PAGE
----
COVID-19 cases in British Columbia are on a concerning upward trajectory, according to health officials.
On Thursday afternoon, Provincial Health Officer Dr. Bonnie Henry and Health Minister Adrian Dix presented the latest round of epidemiological modelling. This update marks the first round of new information since late July.
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Henry spoke in-depth about the spike in cases and the “disproportionate increase in young adults.”
“We’ve started to see a rapid increase over the last few weeks in younger people,” she told reporters. “That’s reflected in some of the numbers that we’re seeing as well as the discussion we’ve had over the last few weeks of exposure events, particularly social events, parties, get-togethers.”
Henry says that it’s during these kinds of gatherings where “younger people are coming together and the virus is being spread.”
Data from the province displayed a shift in cases towards a younger age group as well. Since the start of July, there’s been a spike among the 20- to 29-year-old age group as well as the 30- to 39-year-old age group.
Henry noted that when the pandemic first began, the distribution of cases showed a “preponderance of older people,” which reflected the outbreaks occurring in care homes.
“Between June and August 8 we’ve seen a much broader increase, particularly people in their 20s and 30s,” she stressed. “This is related to the social events.”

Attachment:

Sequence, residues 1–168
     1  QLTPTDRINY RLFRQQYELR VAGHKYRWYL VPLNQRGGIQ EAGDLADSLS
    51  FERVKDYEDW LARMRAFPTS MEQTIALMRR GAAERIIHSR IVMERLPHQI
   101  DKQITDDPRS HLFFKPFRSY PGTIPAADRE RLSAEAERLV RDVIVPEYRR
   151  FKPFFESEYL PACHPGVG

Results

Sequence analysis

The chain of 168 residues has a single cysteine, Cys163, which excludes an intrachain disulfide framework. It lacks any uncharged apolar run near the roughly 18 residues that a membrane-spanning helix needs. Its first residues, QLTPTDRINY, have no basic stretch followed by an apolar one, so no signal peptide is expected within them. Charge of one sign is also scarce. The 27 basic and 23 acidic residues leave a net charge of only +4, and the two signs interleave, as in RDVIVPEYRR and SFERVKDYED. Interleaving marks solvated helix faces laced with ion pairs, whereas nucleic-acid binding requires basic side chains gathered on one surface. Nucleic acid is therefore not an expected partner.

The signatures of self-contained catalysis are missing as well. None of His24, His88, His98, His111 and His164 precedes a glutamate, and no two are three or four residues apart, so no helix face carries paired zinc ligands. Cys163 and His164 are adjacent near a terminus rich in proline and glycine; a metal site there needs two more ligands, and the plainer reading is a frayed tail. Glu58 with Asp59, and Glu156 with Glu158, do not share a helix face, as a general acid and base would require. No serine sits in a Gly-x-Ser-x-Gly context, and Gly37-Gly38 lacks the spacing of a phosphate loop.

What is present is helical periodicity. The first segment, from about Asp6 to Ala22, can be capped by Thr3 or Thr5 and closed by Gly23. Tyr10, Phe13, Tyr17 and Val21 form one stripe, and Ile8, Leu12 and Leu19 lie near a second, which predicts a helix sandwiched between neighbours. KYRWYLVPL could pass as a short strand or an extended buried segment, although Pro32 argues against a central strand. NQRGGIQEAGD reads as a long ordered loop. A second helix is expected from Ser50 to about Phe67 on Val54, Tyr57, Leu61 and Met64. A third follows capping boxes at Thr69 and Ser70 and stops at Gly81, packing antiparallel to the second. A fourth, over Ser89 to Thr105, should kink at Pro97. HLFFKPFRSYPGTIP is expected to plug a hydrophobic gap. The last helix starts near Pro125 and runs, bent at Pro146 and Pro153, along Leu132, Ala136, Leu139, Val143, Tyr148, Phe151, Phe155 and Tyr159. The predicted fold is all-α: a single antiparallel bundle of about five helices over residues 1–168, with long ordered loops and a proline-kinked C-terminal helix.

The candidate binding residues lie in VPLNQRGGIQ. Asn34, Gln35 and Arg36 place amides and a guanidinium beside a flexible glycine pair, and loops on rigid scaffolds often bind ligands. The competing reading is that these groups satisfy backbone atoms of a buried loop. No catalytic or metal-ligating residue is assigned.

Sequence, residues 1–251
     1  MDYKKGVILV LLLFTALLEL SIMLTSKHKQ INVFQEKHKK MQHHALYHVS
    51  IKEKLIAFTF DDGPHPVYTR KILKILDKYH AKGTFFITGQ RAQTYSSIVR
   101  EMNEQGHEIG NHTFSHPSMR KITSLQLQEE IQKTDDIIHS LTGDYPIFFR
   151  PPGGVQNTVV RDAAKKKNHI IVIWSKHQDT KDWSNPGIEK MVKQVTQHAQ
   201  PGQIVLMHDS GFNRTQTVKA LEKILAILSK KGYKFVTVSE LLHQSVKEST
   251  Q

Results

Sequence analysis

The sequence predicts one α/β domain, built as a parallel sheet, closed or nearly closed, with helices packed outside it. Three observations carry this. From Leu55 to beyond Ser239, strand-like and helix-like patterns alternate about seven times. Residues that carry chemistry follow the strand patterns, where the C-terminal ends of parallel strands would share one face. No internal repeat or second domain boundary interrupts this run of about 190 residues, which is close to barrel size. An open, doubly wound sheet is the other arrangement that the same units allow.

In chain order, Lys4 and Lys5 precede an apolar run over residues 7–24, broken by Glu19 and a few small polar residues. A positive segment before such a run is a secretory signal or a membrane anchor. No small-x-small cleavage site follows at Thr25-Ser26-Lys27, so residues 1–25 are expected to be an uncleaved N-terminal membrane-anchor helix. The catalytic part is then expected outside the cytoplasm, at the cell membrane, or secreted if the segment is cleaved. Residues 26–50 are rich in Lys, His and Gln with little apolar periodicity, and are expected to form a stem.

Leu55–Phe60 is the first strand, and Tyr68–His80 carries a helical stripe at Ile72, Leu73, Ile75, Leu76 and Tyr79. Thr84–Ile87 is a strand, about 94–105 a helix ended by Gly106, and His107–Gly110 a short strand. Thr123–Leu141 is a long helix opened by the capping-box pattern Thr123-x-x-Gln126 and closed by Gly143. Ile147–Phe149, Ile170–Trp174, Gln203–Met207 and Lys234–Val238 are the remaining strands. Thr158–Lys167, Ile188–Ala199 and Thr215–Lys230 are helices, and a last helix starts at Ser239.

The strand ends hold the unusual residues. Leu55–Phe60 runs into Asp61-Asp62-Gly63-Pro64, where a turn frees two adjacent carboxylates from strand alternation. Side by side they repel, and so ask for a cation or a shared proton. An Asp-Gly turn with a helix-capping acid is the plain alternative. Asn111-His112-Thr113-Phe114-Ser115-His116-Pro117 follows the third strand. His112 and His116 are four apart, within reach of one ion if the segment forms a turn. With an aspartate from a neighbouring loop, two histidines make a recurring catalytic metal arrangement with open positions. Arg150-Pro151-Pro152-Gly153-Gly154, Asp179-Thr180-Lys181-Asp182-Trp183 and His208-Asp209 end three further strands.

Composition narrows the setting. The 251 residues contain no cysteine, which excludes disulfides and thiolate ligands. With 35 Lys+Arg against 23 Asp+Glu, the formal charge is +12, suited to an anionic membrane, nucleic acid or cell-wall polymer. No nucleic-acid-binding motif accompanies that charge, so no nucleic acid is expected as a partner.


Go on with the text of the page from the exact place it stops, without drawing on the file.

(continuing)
When talking about the “disproportionate increase in cases,” Henry explained that while British Columbians between the age of 20 and 29 make up 13% of the population, they account for 17% of cases.
Similarly, those between 30 and 39 years of age account for 14% of the population but makeup 18% of known cases.
Fortunately, health officials say that most people are being connected to “local cases and clusters,” which is the primary focus of contact tracing. Cases are still being introduced through international travel (such as temporary foreign workers) and Canadians returning to Canada, but the work surrounding contact tracing has been mostly successful.
Laboratory testing is also said to be in good condition, with health officials looking to build out and expand testing as BC enters the fall.
The focus now, according to Henry, falls on bending the curve back down while we still can.
Data from the provincial government shows that BC is above the threshold for new infections per case. Henry says that preferably, the province wants to have one or fewer infections for every new case, which would show that BC is “opening as much as it can without putting things at risk.”
She also said that dynamic modelling is showing an “upward trajectory” and although it’s “concerning,” it’s “not a predictive model.”
“It doesn’t tell us what’s going to happen, it tells us what can happen,” Henry stressed. “Right now, we have it in our ability to make the changes we need to bend that curve back down.”